Up Front

The Question

What will Dick Cheney give trick-or-treaters this year

"A playful waterboarding, followed by threats, if they don't tell him which house is handing out the fun-size Snickers."

-- Megan Carpentier, Air America

"An unexpectedly warm and firm hug." -- Baratunde Thurston, The Onion

"70,000 dead salmon from Oregon's Klamath River." -- Michael Grass, DCist.com

"Buckshot in the face, naturally." -- Eric Alterman, The Nation


In memoriam:Ted Kennedy's Legacy

From rather shaky political beginnings -- heir to his older brother's seat in 1962 (a family retainer warmed the seat for two years until young Teddy turned 30), one rough period after Chappaquiddick and another following his failed challenge to a sitting president in 1980 -- Ted Kennedy grew into a masterful legislator. Despite his privileged roots, Kennedy devoted his long career to improving the lot of regular Americans.

Now that he is gone, people who never saw him in action will find it hard to grasp how Kennedy could simultaneously be a principled liberal and a bipartisan force. He always understood that compromise was where you ended, not where you started.

Kennedy's achievements include a surprising number of laws where his name was twinned with Republicans, and not just moderate ones. He sponsored numerous bills -- recently, one to help victims of traumatic brain injuries -- with his good friend, Utah conservative Orrin Hatch. He joined with Republican Nancy Kassebaum to expand the program known as COBRA to allow workers who lose their jobs to keep their health insurance at least for a transitional time. And he worked tirelessly -- though ultimately unsuccessfully -- with Sen. John McCain to pass comprehensive immigration reform. Ted Kennedy even came together with George W. Bush on No Child Left Behind to get more resources into poor schools, before Bush double-crossed him and denied the promised funding while toughening the penalties.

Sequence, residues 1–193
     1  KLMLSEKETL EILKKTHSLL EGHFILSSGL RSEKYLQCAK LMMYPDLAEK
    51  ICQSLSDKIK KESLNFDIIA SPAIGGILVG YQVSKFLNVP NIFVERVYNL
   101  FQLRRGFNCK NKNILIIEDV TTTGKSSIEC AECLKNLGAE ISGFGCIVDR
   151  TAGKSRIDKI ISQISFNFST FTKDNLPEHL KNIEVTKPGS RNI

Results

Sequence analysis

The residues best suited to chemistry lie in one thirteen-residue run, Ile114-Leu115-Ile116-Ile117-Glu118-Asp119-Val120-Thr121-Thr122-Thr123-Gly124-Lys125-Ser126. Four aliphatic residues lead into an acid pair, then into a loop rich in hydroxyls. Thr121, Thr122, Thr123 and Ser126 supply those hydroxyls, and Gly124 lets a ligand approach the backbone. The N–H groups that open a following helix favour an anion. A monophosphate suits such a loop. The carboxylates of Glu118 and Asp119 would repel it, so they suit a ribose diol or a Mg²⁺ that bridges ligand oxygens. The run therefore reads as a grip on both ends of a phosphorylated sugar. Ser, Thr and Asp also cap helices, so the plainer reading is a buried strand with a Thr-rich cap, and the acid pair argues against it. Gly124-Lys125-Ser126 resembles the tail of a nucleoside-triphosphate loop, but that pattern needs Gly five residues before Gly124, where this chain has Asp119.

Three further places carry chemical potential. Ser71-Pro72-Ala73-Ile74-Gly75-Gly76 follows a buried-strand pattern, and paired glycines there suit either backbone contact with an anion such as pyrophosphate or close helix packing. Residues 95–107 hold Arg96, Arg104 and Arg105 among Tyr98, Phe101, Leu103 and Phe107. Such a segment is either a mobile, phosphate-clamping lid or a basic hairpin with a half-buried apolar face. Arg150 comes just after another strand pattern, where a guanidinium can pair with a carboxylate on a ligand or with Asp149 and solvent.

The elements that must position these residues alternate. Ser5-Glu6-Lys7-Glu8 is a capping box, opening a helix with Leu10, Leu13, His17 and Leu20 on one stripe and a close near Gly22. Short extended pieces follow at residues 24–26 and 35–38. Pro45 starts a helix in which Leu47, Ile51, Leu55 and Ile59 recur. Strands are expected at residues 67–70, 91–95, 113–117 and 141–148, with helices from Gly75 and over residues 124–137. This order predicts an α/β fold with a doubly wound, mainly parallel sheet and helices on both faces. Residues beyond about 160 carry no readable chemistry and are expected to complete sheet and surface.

Yet Kennedy was also a superbly effective partisan. When he was not cajoling Republicans, he was brilliantly outplaying them. He relentlessly pursued a hike in the minimum wage until enough Republicans were shamed into supporting it. And in July 2008, when Democrats were moving legislation to prevent Medicare payment cuts to doctors who treat seniors, military personnel, and families, Kennedy executed one of his most dazzling and courageous moves. Still weak from recent surgery and chemotherapy, Kennedy went secretly to Washington against the wishes of his doctors and cast the decisive vote that Democrats needed to overcome a filibuster. Once the Democrats had the votes, several Republicans broke ranks so as not to be on the wrong side of a popular issue, giving the sponsors a veto-proof margin.

Ted Kennedy was a great friend of The American Prospect. When we moved the magazine from Boston to Washington in 2001, I called Sen. Kennedy's office and asked if he would sponsor an event for us. He not only agreed but encouraged us to invite a group of 200 friends to his Washington home, where he was the most gracious of hosts. Arriving early, I encountered the senator alone, and he took me around the house showing mementos of one of America's great political families, with wit and warmth, as if he had not done the small tour thousands of times before. And when the magazine held a 15th birthday celebration in 2006, honoring Boston's progressive leaders including his wife Vicki, the senator spent a long evening vouching for the importance of the Prospect's work.

For one so prominent, he was remarkably unpretentious. In a profession where extreme narcissism is an occupational hazard, he did not have an outsized ego.

In recognizing politics as the art of the possible, Kennedy never sought the safe center. He was always pushing the boundaries in a more progressive direction. It is a mark of both his high principle and his tactical genius that the Senate's most effective legislative leader was also one of its most progressive members -- not an easy feat.

If President Barack Obama wishes to honor Ted Kennedy's memory, he should do more than pass universal health reform. He should remember that great progressive leaders do not seek the center; they define a new center.

-- Robert Kuttner

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